Councillors call for improvements to the transit app

City councillors are calling for improvements to the city’s “terrible” transit app to help riders catch buses that don’t arrive on time, while the city overhauls the transit system.

Transit manager and mayor both look to other apps when using transit

The ETS Live to Go app was released in 2014, and was immediately panned by online review. It cost $25,000 to develop. (Kayla Small/ CBC)

City councillors are calling for improvements to the city's "terrible" transit app to help riders catch buses that don't arrive on time, while the city overhauls the transit system.

On Friday, the city auditor told councillors that buses only arrive on time 58 per cent of the time.

While ETS is undergoing a massive strategic review to address problems with unreliable buses, it's not set to finish until 2017. Councillors say that's too long to wait for improvements.

"There needs to be some work to bring that number up," Coun. Andrew Knack said.

He suggested improving the city's transit app, so that if a bus isn't on time, at least riders will know when to expect it.

The city launched its ETS Live to Go app in December 2014, and it was immediately panned by online reviews. No major updates have been made since then.

Knack said the app cost $25,000 to develop, which he calls a waste of money. He said he doesn't use the app "because it's unfortunately still terrible."

Neither does the mayor or the city's new transit manager, Eddie Robar.

Robar, who is new to Edmonton, said he found a third-party app much easier to use. He said the city's app is not intuitive, especially for people who don't know the city well.

"It has issues," he said.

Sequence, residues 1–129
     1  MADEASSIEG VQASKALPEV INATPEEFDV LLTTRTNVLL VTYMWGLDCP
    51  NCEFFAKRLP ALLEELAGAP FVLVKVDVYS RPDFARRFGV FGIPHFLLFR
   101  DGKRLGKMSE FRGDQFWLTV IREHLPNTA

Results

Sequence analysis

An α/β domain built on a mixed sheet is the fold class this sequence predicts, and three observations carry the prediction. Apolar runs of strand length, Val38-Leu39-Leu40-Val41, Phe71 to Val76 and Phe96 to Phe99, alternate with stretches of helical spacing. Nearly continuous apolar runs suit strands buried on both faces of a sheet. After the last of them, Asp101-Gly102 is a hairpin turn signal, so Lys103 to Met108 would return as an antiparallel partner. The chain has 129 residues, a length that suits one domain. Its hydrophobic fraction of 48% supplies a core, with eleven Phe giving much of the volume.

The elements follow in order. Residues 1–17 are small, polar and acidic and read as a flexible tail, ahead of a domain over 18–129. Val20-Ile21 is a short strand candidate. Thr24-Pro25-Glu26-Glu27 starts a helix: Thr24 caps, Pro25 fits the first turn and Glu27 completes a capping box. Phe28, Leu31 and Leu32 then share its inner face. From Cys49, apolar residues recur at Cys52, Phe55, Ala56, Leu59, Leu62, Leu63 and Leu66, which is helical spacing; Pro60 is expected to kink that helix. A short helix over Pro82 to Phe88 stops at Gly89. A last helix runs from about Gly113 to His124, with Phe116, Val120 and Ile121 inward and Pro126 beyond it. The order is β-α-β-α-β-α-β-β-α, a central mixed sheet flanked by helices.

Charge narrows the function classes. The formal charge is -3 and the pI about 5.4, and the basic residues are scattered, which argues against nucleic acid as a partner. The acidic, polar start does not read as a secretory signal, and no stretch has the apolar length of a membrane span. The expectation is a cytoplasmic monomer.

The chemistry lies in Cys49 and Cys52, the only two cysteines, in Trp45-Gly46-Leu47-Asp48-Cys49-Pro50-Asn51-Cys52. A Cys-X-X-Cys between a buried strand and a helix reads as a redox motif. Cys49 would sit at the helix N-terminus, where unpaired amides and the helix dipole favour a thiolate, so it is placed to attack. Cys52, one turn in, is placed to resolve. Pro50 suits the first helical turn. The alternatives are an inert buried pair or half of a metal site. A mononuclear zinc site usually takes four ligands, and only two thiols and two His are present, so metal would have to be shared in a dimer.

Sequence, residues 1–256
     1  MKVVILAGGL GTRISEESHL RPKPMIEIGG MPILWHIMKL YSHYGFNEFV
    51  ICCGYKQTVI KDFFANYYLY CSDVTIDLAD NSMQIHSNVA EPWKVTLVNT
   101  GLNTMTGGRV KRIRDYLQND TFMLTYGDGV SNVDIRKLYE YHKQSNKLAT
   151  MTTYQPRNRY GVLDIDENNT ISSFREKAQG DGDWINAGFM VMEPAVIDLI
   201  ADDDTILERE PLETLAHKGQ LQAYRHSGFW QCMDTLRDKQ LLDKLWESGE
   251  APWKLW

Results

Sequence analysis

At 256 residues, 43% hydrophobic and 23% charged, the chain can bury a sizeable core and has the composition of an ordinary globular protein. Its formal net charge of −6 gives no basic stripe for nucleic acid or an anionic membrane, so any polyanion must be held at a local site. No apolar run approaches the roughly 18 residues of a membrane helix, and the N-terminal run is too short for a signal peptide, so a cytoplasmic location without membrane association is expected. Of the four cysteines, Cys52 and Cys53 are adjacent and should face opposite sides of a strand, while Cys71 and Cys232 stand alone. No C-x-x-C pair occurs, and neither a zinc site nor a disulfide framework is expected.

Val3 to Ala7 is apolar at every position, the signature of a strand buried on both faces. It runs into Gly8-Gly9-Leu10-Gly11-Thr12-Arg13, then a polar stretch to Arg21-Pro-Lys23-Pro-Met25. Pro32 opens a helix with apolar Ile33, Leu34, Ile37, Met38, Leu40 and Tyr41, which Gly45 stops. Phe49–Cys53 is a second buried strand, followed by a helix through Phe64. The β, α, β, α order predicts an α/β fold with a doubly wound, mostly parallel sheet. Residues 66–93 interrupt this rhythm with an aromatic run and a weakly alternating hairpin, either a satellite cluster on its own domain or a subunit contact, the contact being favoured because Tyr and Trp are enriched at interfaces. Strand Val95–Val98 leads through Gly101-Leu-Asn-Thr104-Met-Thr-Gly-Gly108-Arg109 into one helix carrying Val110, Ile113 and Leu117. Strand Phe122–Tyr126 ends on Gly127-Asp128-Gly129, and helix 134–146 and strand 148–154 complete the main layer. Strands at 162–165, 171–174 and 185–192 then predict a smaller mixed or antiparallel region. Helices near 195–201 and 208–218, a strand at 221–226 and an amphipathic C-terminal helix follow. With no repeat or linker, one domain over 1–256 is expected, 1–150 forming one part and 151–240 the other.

Robar said there are no immediate plans to improve the app, but it is on his radar. He said the city may decide to scrap the app and partner with a third party such as Transit App.

What's considered 'on-time'?

He said the transit department won't wait until 2017 to start making changes to improve service. In March, he will present a plan to council to reallocate buses on underused routes to higher traffic areas.

Councillors also called for Robar and his team to review what the transit department considers to be "on time."

The current policy states that buses are supposed to arrive between five minutes early and one minute late, 90 per cent of the time.

The industry standard is between three minutes early and three minutes late.

Knack said he wants to see Edmonton's policy brought in line.

"I know too many people, including myself, who walk up to a bus stop and … see it pass by as you're trying to run up," he said.

While he acknowledged changing the policy won't make the buses run on time, it would give the city something to strive for.

"There's nothing wrong with setting higher standards," Knack said. "Obviously we have a lot of work to do to make sure we hit those high standards."

​The long-term plan to address service issues on the transit system lies in the city's strategic review of the entire entire system.

Mayor Don Iveson said he hopes by the end of that review, Edmonton has a system where buses run so frequently on major routes it won't matter if people miss one.

"You don't have to look at your watch or app, you just walk out and know you'll have great service," Iveson said of his vision for transit. "That's what I experience in other cities."


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